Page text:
By Matt Whittaker, CEO of Pro Bono Economics

Channel 4 News’ despatch from Staffordshire in July shadowing Alice, a local charity supporting vulnerable families, was a distressing watch to say the least. The report contained stories of children with no clean clothes to wear or beds to sleep in, including one teenage boy who had resorted to sleeping on a wooden pallet. Accounts of such destitution are hard for many to comprehend in modern Britain.

But recent research by Pro Bono Economics, commissioned by the Children’s Services Funding Alliance, provides some vital context to the challenges facing the country’s most vulnerable children. Among its findings, the study revealed that spending on early intervention support, such as children’s centres, family support services and services for young people, in areas of England with the highest child poverty fell by 53 per cent between 2010 and 2019.

Today, the House of Lords Public Services Committee has published its report, Children in crisis: the role of public services in overcoming child vulnerability, which calls on government to pledge to return to 2010 levels of investment in early intervention services and set out an urgent strategy for the nationwide roll-out of Family Hubs (centres where families and young people get joined-up help with a range of problems). This follows the Chancellor’s announcement at last month’s Budget of £82 million to fund 75 local authorities to set up new Family Hubs.

The committee’s recommendations draw on evidence provided by a wide range of organisations, including PBE. As part of the committee’s inquiry, we undertook analysis of how changes to early intervention spending on children’s services by local authorities have developed across the country.

Over the last decade, real terms spending on early intervention services by local authorities has declined by 48%. However, those cuts have played out unevenly across the country. In Milton Keynes, for example, spending on early intervention services has fallen 47% over the last decade, while next door in Bedford spending has fallen by just 2%. 

And while a variety of factors have contributed to this, there are also notable trends that indicate that children in areas of greatest disadvantage and deprivation have experienced greater cuts to these early intervention services than those children in areas of lower disadvantage. 

Spending on early intervention services in the areas of England with the highest levels of child poverty fell by £766 million between 2010 and 2019, a real terms reduction of 53%. This halving of spend resulted in an average per-child reduction of £141 in the areas where child poverty is highest. In areas of England with the lowest levels of child poverty, spending on early intervention services reduced by £182 million or 38% over that period, an average per-child reduction of £61. This has left areas of England with the highest levels of child poverty taking on 45% of the £1.7 billion real terms cuts in annual spending that have been introduced over the last decade.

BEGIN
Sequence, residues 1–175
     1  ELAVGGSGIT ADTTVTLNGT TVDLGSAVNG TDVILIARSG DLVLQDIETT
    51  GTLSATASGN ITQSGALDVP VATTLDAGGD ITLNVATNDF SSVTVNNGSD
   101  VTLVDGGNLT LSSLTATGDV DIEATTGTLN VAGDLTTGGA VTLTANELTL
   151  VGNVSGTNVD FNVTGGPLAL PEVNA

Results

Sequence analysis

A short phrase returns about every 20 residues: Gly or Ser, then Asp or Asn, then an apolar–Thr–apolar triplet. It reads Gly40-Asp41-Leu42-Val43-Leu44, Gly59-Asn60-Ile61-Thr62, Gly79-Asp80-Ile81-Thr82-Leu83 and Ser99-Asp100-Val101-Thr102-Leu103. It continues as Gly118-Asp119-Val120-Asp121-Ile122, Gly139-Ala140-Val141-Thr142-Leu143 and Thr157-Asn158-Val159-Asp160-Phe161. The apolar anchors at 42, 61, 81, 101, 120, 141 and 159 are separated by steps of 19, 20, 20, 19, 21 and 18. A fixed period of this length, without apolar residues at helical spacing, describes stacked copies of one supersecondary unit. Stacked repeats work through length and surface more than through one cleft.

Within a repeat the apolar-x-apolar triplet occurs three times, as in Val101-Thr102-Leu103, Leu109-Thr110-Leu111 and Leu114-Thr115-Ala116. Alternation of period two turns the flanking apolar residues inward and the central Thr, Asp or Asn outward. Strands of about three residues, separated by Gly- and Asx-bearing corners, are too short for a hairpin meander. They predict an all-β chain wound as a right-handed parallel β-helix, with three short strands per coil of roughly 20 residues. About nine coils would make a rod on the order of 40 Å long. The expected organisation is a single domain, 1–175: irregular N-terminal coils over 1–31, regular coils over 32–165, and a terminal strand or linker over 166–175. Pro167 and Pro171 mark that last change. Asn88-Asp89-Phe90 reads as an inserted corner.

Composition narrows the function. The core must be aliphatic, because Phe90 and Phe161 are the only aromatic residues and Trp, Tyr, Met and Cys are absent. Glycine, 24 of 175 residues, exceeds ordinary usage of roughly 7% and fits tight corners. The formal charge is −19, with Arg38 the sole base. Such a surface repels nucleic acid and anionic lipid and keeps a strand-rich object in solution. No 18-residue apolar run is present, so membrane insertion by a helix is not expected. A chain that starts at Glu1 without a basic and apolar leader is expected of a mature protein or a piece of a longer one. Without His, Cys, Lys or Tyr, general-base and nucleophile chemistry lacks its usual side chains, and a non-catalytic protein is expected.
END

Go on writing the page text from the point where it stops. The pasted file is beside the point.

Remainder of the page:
You can explore how Local Authority expenditure on children’s services has changed in your area on the interactive map below.

But it’s not the scale or even the distribution of the cuts which are the real concern, but the effect that they are likely to have had on both children’s outcomes and the public purse. The London School of Economics has estimated that the economic cost of failing to invest in the early years in 2018/19 was £16.1 billion, playing out in costs associated with child injuries and mental health problems, children’s social care, crime and antisocial behaviour, school absence and exclusions and youth economic inactivity – as well as the long-term costs of later mental and physical health problems, and social consequences such as homelessness.

Unless serious action is taken, the impact on the public purse is only likely to worsen. Without preventative measures achieved through early intervention services, the number of young people and families that go on to develop more severe difficulties is likely to increase. In turn, this is likely to require additional expenditure on late intervention measures, reducing the funding available for early intervention in a vicious cycle. That this circle is particularly pronounced within the areas of the country with the highest levels of child poverty and deprivation should concern those that are invested in both children’s outcomes and the efficiency of public expenditure.

The £500 million for family support the government has pledged to unwind some of these effects is timely and important. In Staffordshire, where early intervention children’s services have been cut by 70%, the key question is whether the Alice charity continues to see need for its services grow. Or will the government’s action succeed in reducing the desperate situation of many children and families here, and across the country? As the Public Services Committee points out, the next important step is the strategy which sits behind the spending earmarked for the nation’s vulnerable children.

November 19, 2021.